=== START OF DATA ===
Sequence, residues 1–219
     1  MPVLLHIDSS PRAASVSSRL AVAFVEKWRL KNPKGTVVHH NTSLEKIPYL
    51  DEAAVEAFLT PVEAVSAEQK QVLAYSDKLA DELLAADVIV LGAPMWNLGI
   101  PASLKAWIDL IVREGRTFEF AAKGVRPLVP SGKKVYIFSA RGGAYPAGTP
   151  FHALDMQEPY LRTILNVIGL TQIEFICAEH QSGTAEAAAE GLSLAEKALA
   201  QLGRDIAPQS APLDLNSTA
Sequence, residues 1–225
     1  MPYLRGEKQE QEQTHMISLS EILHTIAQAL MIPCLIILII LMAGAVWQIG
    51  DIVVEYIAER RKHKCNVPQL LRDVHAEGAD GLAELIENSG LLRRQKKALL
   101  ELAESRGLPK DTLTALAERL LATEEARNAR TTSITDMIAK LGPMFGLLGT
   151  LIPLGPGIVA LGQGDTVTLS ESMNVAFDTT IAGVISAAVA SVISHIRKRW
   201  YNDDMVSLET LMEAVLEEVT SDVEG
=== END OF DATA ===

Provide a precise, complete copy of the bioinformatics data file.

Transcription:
Sequence, residues 1–219
     1  MPVLLHIDSS PRAASVSSRL AVAFVEKWRL KNPKGTVVHH NTSLEKIPYL
    51  DEAAVEAFLT PVEAVSAEQK QVLAYSDKLA DELLAADVIV LGAPMWNLGI
   101  PASLKAWIDL IVREGRTFEF AAKGVRPLVP SGKKVYIFSA RGGAYPAGTP
   151  FHALDMQEPY LRTILNVIGL TQIEFICAEH QSGTAEAAAE GLSLAEKALA
   201  QLGRDIAPQS APLDLNSTA
Sequence, residues 1–225
     1  MPYLRGEKQE QEQTHMISLS EILHTIAQAL MIPCLIILII LMAGAVWQIG
    51  DIVVEYIAER RKHKCNVPQL LRDVHAEGAD GLAELIENSG LLRRQKKALL
   101  ELAESRGLPK DTLTALAERL LATEEARNAR TTSITDMIAK LGPMFGLLGT
   151  LIPLGPGIVA LGQGDTVTLS ESMNVAFDTT IAGVISAAVA SVISHIRKRW
   201  YNDDMVSLET LMEAVLEEVT SDVEG